Steven J. Camp (born April 13, 1955) is an American contemporary Christian music
artist with an adult contemporary pop sound. He sold more than a
million albums. He also has written or co-written 21 number one singles
since his debut in 1978 as a solo artist. Today his popularity continues mostly in his Christian writing addressing current trends and matters of Reformed Theology. He started Audience One Ministries and has a blog covering Christian music, biblical study, reformation, and revival.
He is well known for his strong view that Christian musicians are called to make direct, uncompromising music that confronts the world with the message of the Scriptures. In the tradition of Martin Luther's 95 theses, Camp sent out his own 107 theses on Reformation Day (October 31), 1998, calling for a reformation in contemporary Christian music.
Camp attended Roosevelt University, where he majored in Musical Composition and Theory. He studied under Professor Dodds, a protegee of George Gershwin. He also studied Business Law/Music at the College of DuPage. Camp is theologically Reformed, in the tradition of John Owen, Jeremiah Burroughs, Thomas Watson, Dr. John F. MacArthur, Dr. D.A. Carson, Dr. R.C. Sproul and the late Dr. Stephen Olford. In the late 1970's, he began a longtime relationship with a then-unknown Rob Frazier, a one-time Petra member, who co-wrote songs for Camp's own albums. Camp was reunited with Frazier on Frazier's 1992 compilation Retrospect, on which Frazier and Camp sang duet vocals for the song Why, Why Why? Camp also had a long-term friendship with Scott Wesley Brown, and he played acoustic guitar and sang backups on Brown's 1977 album, I'm Not Religious, I Just Love The Lord, one year before he went on his own. Five of Camp's albums "Sayin' It With Love (1978), "Start Believin'" (1980), "For Every Man" (1981), "Only The Very Best" (1983), and "It's A Dying World" (1984) have never been released on CD.
Prior to becoming a conference speaker and lecturer, Camp was a popular Contemporary Christian Music singer-songwriter. He released his first album in 1975 for CBS Records, his first and only secular label. In 1977, he signed a recording contract with Myrrh Records, releasing several songs as a solo artist. In 1983, Camp signed a contract with Sparrow Records, with whom he released nine successful albums. On his first album, Fire and Ice, Camp paired up with Michele Pillar to sing Love's Not A Feeling. In 1989, Camp released his 10th studio album, Justice, on which he recorded a duet with BeBe Winans, entitled Do You Feel Their Pain? After Camp's contract with Sparrow ended in 1992, he signed with Warner Alliance, with whom he released 2 albums. On his 1993 release Taking Heaven By Storm, Camp teamed up with veteran keyboardist and songwriter Michael Omartian, and together they produced a series of No. 1 hits in a single year (1994), including a contemporary remake of The Lord's Prayer. Later that same year, he released a worship-themed project titled Mercy in the Wilderness.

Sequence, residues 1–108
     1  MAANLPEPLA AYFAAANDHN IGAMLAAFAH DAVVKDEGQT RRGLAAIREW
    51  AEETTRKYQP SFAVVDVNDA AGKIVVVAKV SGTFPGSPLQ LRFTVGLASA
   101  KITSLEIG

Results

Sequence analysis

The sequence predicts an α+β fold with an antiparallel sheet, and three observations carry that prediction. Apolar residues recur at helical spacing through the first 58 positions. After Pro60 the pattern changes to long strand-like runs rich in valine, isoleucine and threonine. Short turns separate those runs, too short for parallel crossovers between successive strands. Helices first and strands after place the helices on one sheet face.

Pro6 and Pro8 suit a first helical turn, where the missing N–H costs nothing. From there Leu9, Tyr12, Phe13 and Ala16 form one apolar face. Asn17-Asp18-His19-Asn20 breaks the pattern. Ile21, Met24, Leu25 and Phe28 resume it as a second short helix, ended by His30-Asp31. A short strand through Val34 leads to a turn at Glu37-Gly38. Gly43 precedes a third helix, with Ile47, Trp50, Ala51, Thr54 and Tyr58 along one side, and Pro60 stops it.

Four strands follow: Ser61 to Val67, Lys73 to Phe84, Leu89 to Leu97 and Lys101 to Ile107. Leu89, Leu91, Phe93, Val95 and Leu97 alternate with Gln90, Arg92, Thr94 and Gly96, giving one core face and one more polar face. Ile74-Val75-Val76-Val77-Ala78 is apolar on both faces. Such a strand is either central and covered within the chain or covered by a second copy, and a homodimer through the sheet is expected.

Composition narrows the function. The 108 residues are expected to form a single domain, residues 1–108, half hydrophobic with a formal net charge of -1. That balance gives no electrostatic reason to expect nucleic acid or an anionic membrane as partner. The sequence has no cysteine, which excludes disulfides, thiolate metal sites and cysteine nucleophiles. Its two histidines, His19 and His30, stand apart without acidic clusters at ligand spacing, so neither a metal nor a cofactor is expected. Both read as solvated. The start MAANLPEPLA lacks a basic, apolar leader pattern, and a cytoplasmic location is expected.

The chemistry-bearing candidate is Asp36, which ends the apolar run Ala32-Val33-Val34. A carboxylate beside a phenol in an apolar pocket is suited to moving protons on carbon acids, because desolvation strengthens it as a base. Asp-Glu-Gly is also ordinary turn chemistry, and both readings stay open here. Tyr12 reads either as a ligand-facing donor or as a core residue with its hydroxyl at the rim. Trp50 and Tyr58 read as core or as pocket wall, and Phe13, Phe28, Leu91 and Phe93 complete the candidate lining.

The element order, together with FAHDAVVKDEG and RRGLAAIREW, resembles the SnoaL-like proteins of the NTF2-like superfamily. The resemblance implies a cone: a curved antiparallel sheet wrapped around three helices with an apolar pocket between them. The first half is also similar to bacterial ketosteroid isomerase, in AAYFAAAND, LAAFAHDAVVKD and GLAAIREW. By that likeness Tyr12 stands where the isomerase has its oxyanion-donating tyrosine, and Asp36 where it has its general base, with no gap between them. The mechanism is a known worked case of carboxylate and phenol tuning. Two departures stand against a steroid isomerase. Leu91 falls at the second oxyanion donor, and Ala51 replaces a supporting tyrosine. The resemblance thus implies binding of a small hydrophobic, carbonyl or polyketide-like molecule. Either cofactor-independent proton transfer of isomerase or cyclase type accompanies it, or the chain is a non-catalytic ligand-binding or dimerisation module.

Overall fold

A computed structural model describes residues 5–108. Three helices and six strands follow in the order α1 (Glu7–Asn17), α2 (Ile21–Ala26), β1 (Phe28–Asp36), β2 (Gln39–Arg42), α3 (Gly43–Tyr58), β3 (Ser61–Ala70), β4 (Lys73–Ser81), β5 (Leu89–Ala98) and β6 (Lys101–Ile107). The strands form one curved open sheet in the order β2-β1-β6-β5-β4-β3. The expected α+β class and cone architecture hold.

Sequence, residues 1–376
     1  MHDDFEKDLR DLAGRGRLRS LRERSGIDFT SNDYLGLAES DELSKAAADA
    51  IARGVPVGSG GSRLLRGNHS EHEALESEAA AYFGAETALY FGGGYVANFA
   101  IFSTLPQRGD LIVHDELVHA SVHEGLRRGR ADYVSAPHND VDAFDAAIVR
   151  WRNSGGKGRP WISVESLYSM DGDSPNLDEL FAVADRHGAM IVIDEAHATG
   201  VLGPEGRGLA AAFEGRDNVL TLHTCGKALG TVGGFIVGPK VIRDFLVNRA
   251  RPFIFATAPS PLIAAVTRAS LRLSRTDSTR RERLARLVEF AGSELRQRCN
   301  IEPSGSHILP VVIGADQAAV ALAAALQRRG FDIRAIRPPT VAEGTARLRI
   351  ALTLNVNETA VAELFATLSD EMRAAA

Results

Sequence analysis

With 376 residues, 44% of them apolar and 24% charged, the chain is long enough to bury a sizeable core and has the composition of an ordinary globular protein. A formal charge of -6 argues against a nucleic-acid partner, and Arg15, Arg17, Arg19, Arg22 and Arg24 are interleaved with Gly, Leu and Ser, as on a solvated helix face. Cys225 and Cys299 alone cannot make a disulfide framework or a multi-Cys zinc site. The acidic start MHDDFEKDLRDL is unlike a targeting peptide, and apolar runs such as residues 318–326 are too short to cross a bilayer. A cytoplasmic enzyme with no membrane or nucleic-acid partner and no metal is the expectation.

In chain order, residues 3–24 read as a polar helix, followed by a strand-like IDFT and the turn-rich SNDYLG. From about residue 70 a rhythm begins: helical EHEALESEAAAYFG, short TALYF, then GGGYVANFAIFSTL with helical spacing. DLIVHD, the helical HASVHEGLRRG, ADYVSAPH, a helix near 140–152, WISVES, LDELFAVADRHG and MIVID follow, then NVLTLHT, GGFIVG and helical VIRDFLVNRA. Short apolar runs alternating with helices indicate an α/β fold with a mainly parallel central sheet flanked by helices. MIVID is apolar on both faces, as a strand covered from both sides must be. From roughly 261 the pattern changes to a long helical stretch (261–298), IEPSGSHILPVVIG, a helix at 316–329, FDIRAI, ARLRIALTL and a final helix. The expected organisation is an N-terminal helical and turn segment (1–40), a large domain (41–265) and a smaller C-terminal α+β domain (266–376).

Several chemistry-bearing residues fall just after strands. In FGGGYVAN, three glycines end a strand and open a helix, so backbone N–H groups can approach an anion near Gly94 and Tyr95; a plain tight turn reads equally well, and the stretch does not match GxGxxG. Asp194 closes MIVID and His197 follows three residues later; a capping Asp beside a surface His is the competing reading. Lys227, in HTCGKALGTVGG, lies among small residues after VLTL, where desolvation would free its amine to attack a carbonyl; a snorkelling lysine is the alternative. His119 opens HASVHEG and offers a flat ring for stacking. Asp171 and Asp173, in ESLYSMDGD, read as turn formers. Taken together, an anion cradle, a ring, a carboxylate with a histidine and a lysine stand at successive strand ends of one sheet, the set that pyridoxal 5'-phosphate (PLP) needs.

Along with other popular contemporary Christian artists of the 1980s, Camp made several front covers of CCM Magazine, World Magazine, and Christianity Today, among many others. At the same time, he also wrote several articles for leading Christian publications, in addition to giving numerous interviews on Christian radio. After recording several albums, Camp began attending Christian conferences and making frequent guest appearances at Christian colleges. In 1996, he was an honorable invitee at the Alliance of Confessing Evangelicals Conference, where the Cambridge Document was drafted. One year later, he was spotted in 1997 at the Summit on Church Music Ministry held at Cedarville College in Ohio, contending for sound Biblical theology in Christian music. In the fall of 1998 he once again appeared in Ohio, this time in Celina at a benefit for Harbor House Maternity Home, a Christian home for pregnant teens. 440 people were present to hear Steve do four songs, including Keith Green's "Asleep in the Light" and Camp's own "He's All You Need." He followed up his first set of songs with an even more passionate exhortation, possibly causing some in attendance to be a bit uncomfortable with Camp's straightforward approach to his messages: they must do everything possible to save the unborn and be seen as proactively pro-life.